Moat Brae

storyStanding behind the red sandstone, Georgian villa – once known as Number One, Dumfries – the lawn is spread out in front of me, passing between several large trees before sloping down to the gentle, flowing waters of the River Nith. A sudden gust of wind sent a column of leaves spiraling upwards, and the tall trees whispered in the breeze. Nearby, I heard the tinkling of a bell followed by the sound of children escaping the clutches of school. Filled with excitement I trod cautiously for this was a very special place – I was in the garden where Peter Pan was born.

Ever since J. M. Barrie’s Peter Pan – or, The Boy Who Wouldn’t Grow Up – debuted on stage in London in December of 1904, various film and pantomime adaptations of the original story have ensured its place as a Christmas favourite. In 1911, Barrie published the novel Peter and Wendy, and the boy who could fly soon winged his way around the world. But few people are aware that the story that has gripped the imagination of children and adults alike began in the garden of Number One, Dumfries – now known as Moat Brae.

James Matthew Barrie was born on May 9, 1860, in the small Scottish town of Kirriemuir. He was the ninth of ten children born to David Barrie and Margaret Ogilvy. When Barrie was six years old his elder brother David died in a skating accident. The young Barrie did everything he could to comfort his distraught mother – even wearing his brother’s clothes and emulating his whistling – but her greatest comfort, and one that made a lasting impact on Barrie, was her belief that because her son had died young he would never grow up and leave her.

In 1873, at the age of 13, Barrie was living in Dumfries with his older brother Alexander and his sister Mary Ann. The house they occupied was next to Dumfries Academy, where Barrie was enrolled as a pupil, and only a short walk from the impressive Moat Brae, home of his school friends Stuart and Hal Gordon. Together the three boys would let their imaginations run wild in the grounds of Moat Brae and enact swashbuckling pirate adventures along the river. Many years later, Barrie acknowledged that; “When I came to the Academy I intended to work hard – and I would have probably worked hard – had it not been for another boy who led me astray. It was Stuart Gordon. But that wasn’t the name he was known by at school. He came up to me and asked my name. I told him. That didn’t seem to please him. He said; I’ll call you Sixteen String Jack. I asked his name and he said it was Dare Devil Dick. He asked me if I would join his pirate crew. I did. That was fatal to my prize giving.”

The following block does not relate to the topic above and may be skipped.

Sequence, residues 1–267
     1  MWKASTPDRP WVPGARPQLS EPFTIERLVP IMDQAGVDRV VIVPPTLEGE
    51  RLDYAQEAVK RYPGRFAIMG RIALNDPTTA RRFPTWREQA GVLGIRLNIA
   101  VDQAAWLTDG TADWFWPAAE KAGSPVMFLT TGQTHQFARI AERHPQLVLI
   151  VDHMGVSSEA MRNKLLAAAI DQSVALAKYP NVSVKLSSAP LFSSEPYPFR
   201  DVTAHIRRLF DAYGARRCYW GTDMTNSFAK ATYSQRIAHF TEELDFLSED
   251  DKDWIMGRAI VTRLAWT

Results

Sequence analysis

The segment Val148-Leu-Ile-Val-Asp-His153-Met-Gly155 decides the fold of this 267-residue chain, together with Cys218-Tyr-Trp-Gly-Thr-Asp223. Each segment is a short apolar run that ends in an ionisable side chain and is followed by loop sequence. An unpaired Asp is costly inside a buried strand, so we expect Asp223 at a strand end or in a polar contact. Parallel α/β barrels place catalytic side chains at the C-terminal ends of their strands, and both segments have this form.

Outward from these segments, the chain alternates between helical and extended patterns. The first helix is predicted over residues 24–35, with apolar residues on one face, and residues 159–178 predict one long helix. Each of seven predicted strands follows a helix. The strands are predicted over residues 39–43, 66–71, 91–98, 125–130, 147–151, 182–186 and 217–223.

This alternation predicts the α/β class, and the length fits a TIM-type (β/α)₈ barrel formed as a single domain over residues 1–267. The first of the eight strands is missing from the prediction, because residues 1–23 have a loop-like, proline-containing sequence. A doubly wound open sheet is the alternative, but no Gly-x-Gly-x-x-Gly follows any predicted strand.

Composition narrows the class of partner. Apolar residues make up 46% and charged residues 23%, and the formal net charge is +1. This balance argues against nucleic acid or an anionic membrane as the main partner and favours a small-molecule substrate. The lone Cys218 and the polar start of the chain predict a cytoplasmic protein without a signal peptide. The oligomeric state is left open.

s2Barrie spent many happy hours playing in Moat Brae, its garden and the adjacent banks of the River Nith leading him to note, “I was more in that house than any other in Dumfries.”

During Barrie’s five years in Dumfries, the town’s Theatre Royal, one of the oldest working theatres in Scotland, underwent a major renovation by renowned theatre architect C. J. Phipps. As a regular visitor to the theatre, the new state of the art facilities – and the exciting, visiting productions that the theatre attracted – must have made an impression upon him. Also, at that time Dumfries was able to boast one of only two camera obscuras in Scotland. It is almost certain that the inquisitive Barrie and his two friends would have visited such an unusual and exciting attraction to experience the wonderment of seeing an aerial view of Dumfries projected on the circular surface before them – one that created a sense of flying! Barrie must have been impressed by the amazing experience of a camera obscura, for years later he gifted a cricket pavilion complete with camera obscura to his hometown of Kirriemuir.